I’m not acting to flaunt my beauty, says Nazo Ekezie

I’m not acting to flaunt my beauty, says Nazo Ekezie

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Pretty Nollywood actress, Nazo Ekezie, has insisted that acting is not a venture for beauty queens. According to the Anambra State indigene, her passion for the thespian art attracted her into the profession and not just because she felt she was beautiful enough. In a chat with The Point, she said her parents did not support her drive to become an actress from the onset. While her father died quite early, her mother wanted her to be a lawyer.
How was she able to convince her mother? She responded, “When my mother saw a movie I featured in, she called me to say she did not know I was this good. And since that day, she became my number one fan. She supports and gives me advice because she has seen that I am not acting to show the world that I am beautiful. Acting is not a beauty pageant; you must have the passion for it.”
As much as she loves acting, there had been occasions she had thought of walking out of it. The fact that the industry has no structure has been a source of serious headache for her.
“If you come in and there are no supports, you could get tired. I have experienced a situation where someone else was given my role after I had put in so much time and energy into it and the person was obviously not better than me. I almost gave up many times, but watching television has always reminded me that this is where I belong,” she said.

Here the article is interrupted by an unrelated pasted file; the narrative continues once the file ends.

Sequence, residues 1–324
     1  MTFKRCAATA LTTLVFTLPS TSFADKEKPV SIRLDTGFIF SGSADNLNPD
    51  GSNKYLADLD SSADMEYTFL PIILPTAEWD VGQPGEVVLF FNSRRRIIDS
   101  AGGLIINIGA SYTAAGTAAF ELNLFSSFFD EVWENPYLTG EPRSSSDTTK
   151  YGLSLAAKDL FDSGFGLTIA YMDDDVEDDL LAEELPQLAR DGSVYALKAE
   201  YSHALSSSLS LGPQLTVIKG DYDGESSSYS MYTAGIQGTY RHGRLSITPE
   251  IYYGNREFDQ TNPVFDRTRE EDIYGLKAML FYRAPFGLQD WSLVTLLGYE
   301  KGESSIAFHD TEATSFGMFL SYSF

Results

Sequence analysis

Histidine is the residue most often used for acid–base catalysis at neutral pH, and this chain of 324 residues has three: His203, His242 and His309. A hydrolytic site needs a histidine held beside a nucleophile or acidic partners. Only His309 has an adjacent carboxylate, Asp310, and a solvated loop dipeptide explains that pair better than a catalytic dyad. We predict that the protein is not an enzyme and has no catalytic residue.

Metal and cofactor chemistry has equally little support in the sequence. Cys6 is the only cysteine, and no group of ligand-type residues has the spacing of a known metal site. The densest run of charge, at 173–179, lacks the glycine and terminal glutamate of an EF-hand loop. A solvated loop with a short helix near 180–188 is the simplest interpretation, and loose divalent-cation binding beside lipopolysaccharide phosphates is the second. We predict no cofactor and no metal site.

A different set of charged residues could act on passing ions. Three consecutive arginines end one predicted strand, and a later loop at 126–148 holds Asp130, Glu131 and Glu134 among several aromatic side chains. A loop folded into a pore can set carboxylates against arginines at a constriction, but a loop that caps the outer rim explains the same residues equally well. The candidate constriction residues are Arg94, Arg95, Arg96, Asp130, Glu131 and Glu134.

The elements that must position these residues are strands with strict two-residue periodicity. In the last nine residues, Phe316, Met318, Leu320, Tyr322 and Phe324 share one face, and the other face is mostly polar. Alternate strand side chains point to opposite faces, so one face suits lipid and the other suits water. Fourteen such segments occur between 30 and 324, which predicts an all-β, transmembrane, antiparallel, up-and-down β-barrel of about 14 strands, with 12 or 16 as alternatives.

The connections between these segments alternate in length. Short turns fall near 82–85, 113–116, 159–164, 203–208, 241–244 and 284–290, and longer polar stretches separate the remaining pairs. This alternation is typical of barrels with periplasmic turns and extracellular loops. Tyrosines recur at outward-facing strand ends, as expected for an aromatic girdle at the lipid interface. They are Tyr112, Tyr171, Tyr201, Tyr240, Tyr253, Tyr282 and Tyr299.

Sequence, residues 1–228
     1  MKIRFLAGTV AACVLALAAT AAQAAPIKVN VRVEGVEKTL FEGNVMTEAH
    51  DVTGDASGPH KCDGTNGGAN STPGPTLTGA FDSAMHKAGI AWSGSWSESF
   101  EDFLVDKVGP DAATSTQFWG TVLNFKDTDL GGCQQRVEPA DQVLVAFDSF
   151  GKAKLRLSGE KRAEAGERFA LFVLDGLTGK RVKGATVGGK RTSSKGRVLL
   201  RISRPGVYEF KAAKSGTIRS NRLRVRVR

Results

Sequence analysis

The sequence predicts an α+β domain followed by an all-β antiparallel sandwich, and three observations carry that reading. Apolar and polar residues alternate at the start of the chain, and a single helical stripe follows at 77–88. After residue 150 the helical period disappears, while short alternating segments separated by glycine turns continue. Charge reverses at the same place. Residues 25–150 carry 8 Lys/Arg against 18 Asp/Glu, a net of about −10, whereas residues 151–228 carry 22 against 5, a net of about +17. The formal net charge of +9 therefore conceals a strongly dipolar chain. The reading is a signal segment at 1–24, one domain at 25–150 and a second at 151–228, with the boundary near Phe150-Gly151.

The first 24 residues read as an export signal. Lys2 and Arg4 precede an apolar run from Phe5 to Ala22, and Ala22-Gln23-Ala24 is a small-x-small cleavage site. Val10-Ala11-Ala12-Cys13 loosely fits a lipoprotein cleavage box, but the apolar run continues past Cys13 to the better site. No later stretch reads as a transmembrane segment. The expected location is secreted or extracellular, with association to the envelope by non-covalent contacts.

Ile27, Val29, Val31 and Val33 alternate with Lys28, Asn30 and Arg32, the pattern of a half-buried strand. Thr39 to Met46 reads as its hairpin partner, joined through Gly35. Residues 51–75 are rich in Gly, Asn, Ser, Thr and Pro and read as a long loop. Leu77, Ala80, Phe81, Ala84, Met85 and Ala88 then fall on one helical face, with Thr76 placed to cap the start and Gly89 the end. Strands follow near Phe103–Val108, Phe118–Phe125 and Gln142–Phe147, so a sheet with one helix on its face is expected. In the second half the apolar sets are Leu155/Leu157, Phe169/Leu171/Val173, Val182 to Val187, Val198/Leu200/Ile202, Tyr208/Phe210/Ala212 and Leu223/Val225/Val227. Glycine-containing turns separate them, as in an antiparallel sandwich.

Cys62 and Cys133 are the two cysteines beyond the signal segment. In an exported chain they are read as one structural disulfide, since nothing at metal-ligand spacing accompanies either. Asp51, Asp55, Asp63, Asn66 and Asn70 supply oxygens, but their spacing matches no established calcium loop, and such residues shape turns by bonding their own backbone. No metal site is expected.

Though this is said to be a common occurrence in Nollywood, even as a young actress, the graduate of English Language and Linguistic insisted that she had never been molested by a director or producer.
“The only thing I have experienced was a producer telling me that they do not have money to give me. As an upcoming actress, I had to sacrifice a lot. Sometimes, I would even spend my money without getting anything. I have also had to sleep in a friend’s place since they could not pay for my hotel.
“Things are better now. I could still agree to be part of a project, even when there is no money involved. There are some stories you read and you do care about nothing but for people to get the message in that movie,” she added.
Okezie is worried that social media has done more harm than good to the Nigerian youth. According to her, most of them lack the knowledge that they have to work hard to be flamboyant like the people they see on Instagram, Facebook, among others.
She added, “I am not saying social media is totally bad, but it brings about a large degree of misconception. People believe they must wear makeup at all times to look beautiful or drive big cars without anyone asking them what they do for a living.”

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